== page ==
Trading a 1988 Astros Team Leaders for a 1952 Mickey Mantle, Part II
April 28th, 2010 by slangon

As some of you may or may not remember, one of the very first cards that I got in the Topps Million Card Giveaway was a 1988 Astros Team Leaders card. I decided to see how far I could get with trading that card. Last time I reported on this, I got as far as a 1985 Carlton Fisk Record Breaker. Things have moved along a bit since then.

That Fisk actually sat in my collection for a while. I was a little surprised at how hard it was to move it as I thought it was a pretty cool card. I’ve always kind of liked record breaker cards and Fisk is a Hall of Famer. I know it’s from the junk wax era, but any of the cards I was trying to trade it for were all from that era as well and I don’t think I was asking for anything crazy. In the end I made this trade:

I already have 2 copies of that Gooden card, but I had seen that one of the contests on the Million Card site was to gather as many Mets cards as you could. I figured if I couldn’t trade Fisk for something that I could flip, I would at least build my stock pile of Mets. When I got back from vacation though, I saw that someone had offered me a 1988 Wade Boggs and a 1984 Derrel Thomas in exchange for the Gooden Record Breaker, so I jumped on that. I never took a screen shot of that trade though because I figured I was just grab it off my completed trades page. Unfortunately, I didn’t realize that only trades that you initiate wind up there so I have no visual proof of that one. You’ll just have to take my word for it. I was actually sort of pissed about that because I thought it would be cool to have a visual map of how I went from the Astros Team Leaders card to whatever card I end up with in the end. Now there’s a big hole in it. Oh well.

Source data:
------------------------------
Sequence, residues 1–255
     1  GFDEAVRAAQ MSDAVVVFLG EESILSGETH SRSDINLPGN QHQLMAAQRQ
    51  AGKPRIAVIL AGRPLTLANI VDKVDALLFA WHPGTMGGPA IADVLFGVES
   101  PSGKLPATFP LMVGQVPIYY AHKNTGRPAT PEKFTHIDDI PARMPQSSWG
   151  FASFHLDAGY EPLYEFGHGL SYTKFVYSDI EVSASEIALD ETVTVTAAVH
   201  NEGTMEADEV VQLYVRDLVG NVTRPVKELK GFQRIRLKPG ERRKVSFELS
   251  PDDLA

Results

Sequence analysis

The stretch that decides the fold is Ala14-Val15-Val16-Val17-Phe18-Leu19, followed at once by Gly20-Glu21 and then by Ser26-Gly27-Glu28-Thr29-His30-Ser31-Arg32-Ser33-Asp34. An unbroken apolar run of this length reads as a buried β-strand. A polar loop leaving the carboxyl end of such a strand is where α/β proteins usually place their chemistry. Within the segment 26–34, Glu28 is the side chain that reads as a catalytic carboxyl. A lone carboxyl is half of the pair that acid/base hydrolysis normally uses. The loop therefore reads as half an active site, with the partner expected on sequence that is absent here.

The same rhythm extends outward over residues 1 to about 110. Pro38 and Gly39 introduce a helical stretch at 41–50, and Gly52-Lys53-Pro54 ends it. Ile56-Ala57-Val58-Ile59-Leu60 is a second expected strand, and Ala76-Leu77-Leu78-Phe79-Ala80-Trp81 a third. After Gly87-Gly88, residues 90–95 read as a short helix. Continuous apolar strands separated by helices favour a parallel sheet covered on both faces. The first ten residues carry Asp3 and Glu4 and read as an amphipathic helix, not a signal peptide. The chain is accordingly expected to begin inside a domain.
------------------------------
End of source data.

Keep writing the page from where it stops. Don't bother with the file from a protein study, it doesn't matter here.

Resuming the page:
Anyway, now that I had 2 cards to work with, I flipped the Derrel Thomas for an ’84 Brian Giles, which I also already own.

My thinking on that was that a) if I got stuck with Mr. Giles, at least I could again stack my Mets inventory and b) maybe him being a Met would make him a little more valuable in other peoples eyes.

From there, I made this trade:

That’s where we stand as of this moment. All in all, I have to say, even if that ’85 Rod Carew is where this journey ends, it sure as hell beats Billy Hatcher and Kevin Bass.

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